Warning: This post will include some spoilers; primarily, characters coming out of the closet. This was also an older draft I never got around to posting (like, from Feb. or something). Eh. Life is crazy.
I’m actually planning to wrap up the blog and wanted to post a few old drafts before I quit.
In my church small group, we were talking about book controversies and what Christians are and are “not allowed to read.” Clearly, this is subjective, but we were using a local private Christian school’s library for an example. The group has a mutual friend, this school’s librarian. She cannot have Harry Potter in the library, presumably because it goes against their beliefs. The librarian CAN have Percy Jackson and The Heroes of Olympus series in the library. While children of Greek gods running around New York City doesn’t sound Christian to me, this exception is made because it deals with Greek mythology and as this mythology has been a major part of Western Civilization, it’s okay. (Clearly, it’s tough to be a censor/selector.) I’m glad Percy Jackson is in this library, so please don’t get the wrong idea.
So, anyway, this librarian was reading House of Hades with a student group, as all the Greek and Roman mythology clears the school board. Then she discovers, one of the characters is gay. This will be interesting to talk about. I don’t remember what actually happened during or after this book club discussion. When my friend was retelling this book club story, I said, “Oh…. that makes so much sense!” My friend didn’t know the book, she didn’t know the character’s name, but the second she said, “A character comes out in the most recent book,”I knew it was Nico. I hadn’t gotten to read House of Hades yet, but all my prior knowledge clicked with this revelation. “Oh, poor thing. No wonder he’s a loner. A goth son of Hades, he’s got a lot going on.” It was no surprise to me because Riordan has built up this character over time– Nico was introduced seven books ago. Nico is NOT a stereotype, at least not the stereotype we usually see. He’s not sure of himself, he struggles relating to other kids, he hides in the shadows. I thought that his depiction was beautiful and Riordan did an excellent job being sensitive and introducing this trait for Nico without being overdone or thrown in for the hell of it.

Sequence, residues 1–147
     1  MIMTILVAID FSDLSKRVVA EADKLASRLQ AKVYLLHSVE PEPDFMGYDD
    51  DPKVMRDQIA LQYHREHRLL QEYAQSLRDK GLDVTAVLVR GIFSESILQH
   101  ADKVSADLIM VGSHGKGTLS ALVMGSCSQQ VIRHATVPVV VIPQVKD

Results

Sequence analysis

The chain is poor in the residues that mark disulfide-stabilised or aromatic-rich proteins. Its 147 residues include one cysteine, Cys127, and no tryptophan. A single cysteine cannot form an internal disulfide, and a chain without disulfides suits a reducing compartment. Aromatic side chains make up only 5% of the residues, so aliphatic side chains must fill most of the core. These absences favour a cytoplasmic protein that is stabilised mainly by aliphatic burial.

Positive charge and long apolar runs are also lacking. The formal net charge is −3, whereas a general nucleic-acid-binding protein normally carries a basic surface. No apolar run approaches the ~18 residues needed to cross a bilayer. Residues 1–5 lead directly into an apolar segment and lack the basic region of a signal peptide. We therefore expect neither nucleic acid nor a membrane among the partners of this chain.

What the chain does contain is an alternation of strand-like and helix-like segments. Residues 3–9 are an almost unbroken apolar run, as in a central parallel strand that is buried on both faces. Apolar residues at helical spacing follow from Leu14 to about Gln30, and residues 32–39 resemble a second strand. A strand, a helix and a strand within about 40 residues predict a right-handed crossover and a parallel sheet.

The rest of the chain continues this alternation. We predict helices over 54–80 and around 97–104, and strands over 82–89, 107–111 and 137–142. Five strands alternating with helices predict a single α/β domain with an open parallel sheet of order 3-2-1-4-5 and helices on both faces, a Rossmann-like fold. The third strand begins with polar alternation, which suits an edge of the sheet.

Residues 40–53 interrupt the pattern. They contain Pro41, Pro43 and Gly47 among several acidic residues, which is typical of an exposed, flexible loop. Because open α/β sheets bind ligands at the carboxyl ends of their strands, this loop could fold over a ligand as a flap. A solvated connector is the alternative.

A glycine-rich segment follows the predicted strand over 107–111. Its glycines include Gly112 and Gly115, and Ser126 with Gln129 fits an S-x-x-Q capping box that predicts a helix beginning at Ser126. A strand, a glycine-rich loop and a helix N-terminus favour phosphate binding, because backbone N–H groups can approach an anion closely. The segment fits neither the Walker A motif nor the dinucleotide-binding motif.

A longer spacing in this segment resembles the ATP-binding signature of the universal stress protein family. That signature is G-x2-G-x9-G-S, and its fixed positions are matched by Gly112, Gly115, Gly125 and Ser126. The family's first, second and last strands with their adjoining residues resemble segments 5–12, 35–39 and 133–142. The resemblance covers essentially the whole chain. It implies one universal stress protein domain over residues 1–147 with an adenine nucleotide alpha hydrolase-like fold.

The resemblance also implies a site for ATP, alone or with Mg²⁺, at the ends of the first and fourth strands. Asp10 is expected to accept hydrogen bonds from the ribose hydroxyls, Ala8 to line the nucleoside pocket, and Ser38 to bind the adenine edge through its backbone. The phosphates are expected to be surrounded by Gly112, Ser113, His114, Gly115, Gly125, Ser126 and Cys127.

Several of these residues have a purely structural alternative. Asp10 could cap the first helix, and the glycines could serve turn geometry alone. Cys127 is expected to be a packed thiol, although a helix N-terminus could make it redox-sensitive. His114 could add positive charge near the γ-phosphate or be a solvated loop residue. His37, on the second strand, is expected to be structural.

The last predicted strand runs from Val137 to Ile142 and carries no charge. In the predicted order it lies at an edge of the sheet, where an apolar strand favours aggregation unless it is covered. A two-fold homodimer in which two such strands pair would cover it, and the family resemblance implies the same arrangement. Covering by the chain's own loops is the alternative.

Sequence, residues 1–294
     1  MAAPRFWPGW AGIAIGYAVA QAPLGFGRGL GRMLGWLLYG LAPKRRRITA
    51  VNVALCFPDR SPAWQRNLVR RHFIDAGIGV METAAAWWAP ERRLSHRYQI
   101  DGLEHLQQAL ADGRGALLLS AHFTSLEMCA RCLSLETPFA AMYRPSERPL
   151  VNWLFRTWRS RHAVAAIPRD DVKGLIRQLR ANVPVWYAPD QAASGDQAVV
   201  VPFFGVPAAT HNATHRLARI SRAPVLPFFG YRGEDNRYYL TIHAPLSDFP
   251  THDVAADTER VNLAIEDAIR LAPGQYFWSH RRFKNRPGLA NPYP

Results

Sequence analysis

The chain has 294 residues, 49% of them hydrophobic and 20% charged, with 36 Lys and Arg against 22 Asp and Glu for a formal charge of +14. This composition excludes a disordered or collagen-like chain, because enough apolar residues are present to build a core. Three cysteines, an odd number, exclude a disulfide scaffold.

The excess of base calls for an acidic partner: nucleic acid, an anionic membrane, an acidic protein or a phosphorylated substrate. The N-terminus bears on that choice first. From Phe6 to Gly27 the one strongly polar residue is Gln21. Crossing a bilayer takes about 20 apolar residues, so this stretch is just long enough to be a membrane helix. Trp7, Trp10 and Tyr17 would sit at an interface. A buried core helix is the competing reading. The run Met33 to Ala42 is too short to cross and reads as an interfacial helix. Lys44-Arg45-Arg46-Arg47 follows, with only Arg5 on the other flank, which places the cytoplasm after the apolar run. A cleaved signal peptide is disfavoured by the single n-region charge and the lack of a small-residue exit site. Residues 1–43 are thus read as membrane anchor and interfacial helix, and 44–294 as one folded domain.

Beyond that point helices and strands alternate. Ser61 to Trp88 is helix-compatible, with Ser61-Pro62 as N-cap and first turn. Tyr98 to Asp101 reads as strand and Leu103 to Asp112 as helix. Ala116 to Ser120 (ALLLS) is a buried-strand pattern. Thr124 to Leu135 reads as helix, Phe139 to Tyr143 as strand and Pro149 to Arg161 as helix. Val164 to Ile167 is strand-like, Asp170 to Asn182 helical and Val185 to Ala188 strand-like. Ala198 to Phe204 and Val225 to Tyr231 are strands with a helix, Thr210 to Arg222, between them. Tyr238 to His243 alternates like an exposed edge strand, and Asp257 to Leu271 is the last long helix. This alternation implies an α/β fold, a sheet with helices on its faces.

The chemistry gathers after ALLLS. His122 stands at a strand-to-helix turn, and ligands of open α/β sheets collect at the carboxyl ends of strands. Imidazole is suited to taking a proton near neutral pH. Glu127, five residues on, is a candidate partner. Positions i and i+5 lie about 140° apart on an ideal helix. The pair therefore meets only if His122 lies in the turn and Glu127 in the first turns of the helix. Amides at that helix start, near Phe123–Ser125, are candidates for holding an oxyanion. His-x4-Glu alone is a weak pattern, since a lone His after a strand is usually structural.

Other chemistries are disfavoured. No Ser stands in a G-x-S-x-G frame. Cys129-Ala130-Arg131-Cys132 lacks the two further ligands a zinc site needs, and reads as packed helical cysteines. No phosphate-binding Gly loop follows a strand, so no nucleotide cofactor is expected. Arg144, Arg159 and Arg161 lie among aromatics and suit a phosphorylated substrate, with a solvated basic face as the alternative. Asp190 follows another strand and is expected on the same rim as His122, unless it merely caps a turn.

So. I’ve read a few “coming out” scenes recently in YA novels, and I haven’t been impressed with all of them like I was House of Hades. For example, I started the Divergent series over the holidays. I’ve only read the first two in the series and frankly, Insurgent did not impress me. I passed the sequel on to my nephew already, so forgive me for not knowing all the details. Basically, there were hints that a minor character was angry and eye rolls over PDA a couple was displaying, but her deathbed confession that she had feelings for the girl in the relationship made ME roll my eyes. I think the girl she liked was already dead, it was so hard to tell with the amount of characters Roth threw in. It felt forced. It felt tossed in just to get a “Woah! I wasn’t expecting that!”